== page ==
Tánaiste Leo Varadkar is under pressure to clarify the legality of former Minister Michael D'Arcy's appointment to an investment fund lobby group.
Mr D’Arcy, who is joining the Irish Association of Investment Managers (IAIM), spoke in the Seanad last week in favour of a bill for which funds have been lobbying for the last five years.
Both Sinn Féin and Labour have now raised serious concerns and have sought clarity from Tánaiste Leo Varadkar and the Standards in Public Office Commission (SIPO) on the appointment.
Under SIPO rules, ministers and ministers of state are banned from lobbying or being employed by a group that engages in lobbying for a period of 12 months.
Exemptions to this rule can be given, however, Mr D'Arcy has not requested such an exemption.
Just last Wednesday Mr D'Arcy, who has resigned his Seanad seat, spoke in favour of the Investment Limited Partnership bill.
“From my experience, investors are significantly ahead of everyone else,” he told the house.
“They are the people with private equity funds and who administer the monies that will be crucial if we are serious about sustainable finance.”
Mr D'Arcy who was a minister for state in the Department of Finance in the last government, also said the financial services sector which employs around 16,000 people "has been arguing, for about four and a half to five years, that without this legislation it cannot advance the private equity side of investment in Ireland".
During the second reading of the bill, Mr Darcy said the current law was out of sync with other European countries in terms of the limits on partnership investment for funds.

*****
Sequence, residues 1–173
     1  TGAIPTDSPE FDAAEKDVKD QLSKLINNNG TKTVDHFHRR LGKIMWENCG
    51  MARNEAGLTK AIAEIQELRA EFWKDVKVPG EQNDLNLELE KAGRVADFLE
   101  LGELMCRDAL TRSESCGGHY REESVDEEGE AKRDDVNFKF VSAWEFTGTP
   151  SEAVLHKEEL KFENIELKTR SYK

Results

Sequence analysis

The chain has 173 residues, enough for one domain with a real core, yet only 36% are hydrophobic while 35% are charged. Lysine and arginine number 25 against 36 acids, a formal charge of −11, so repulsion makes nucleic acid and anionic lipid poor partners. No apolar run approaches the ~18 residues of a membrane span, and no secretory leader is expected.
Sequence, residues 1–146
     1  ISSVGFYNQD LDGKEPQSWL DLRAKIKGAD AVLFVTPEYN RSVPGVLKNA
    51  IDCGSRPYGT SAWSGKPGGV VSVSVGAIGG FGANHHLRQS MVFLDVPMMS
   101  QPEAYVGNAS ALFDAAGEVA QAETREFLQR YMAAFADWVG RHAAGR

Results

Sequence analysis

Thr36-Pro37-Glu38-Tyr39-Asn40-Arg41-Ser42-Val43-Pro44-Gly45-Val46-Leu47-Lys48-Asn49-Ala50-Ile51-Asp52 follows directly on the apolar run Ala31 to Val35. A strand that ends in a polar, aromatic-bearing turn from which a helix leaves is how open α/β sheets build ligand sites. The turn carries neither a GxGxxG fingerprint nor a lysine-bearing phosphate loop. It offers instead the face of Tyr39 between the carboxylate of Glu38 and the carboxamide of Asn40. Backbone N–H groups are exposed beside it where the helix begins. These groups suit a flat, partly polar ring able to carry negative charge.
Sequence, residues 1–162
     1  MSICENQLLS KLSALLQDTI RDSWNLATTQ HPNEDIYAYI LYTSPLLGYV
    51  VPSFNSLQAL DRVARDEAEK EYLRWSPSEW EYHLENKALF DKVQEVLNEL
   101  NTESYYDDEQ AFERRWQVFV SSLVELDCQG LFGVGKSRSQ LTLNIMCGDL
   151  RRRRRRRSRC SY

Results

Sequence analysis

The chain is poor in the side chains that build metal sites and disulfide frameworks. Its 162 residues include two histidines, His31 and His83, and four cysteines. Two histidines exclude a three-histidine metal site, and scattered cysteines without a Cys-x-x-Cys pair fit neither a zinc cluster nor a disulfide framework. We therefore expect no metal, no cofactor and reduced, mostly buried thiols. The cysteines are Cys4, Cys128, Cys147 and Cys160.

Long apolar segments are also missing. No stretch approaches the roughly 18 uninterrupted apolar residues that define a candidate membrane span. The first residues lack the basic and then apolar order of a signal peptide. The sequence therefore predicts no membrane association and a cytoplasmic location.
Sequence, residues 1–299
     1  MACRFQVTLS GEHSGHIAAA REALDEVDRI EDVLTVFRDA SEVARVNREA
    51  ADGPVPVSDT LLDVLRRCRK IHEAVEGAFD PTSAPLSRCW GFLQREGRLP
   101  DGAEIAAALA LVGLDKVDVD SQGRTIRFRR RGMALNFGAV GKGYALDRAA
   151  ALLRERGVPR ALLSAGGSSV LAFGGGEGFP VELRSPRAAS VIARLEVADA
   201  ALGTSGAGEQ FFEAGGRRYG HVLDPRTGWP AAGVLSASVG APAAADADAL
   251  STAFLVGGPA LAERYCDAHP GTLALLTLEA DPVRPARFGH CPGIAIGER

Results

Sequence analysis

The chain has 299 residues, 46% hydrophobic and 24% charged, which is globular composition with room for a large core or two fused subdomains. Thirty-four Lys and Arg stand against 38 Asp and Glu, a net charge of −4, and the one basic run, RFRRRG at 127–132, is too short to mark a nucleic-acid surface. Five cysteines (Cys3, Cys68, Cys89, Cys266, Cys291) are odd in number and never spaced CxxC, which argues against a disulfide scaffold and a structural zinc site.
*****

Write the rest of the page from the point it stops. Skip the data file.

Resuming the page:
Questioning the legality of the appointment, Sinn Féin's finance spokesperson Pearse Doherty claimed the IAIM lobbied Mr D’Arcy in the past regarding tax breaks worth millions of euros for multinational executives while he was a junior minister.
“Fine Gael’s Michael D’Arcy has been appointed CEO of this lobby group with immediate effect, just three months after he was minister for state in the Department of Finance," he said.
Labour Finance spokesperson Ged Nash said a situation where the Department of Finance becomes a training ground for corporate careers in the financial services industry cannot be tolerated.
“In 2015 the Labour Party introduced the regulation of Lobbying Act to provide transparency but also cut out the revolving door between politics and big business.
“This would also be the second Fine Gael junior minister in the Department of Finance in recent years to take up a lobbying position in the finance sector and the perception of former Ministers being used to gain access to the corridors of power, and in particular the formation of regulations and laws is deeply worrying."
In a statement, IAIM said Mr D’Arcy is "fully aware" of SIPO’s guidelines as set out with regards to the responsibilities of former officer holders.
"As CEO of IAIM, Michael D’Arcy will not be engaging in any lobbying activities, in accordance with the cooling-off period for the first twelve months of leaving office," the statement read.
"Michael D’Arcy has always been fully compliant with the guidelines during his time as a politician and will continue to strictly adhere to them now in his new role with the IAIM."
Among those tipped to fill the Seanad seat now vacated by Mr D’Arcy are former Senator Ian Marshall and former Carlow-Kilkenny TD Pat Deering.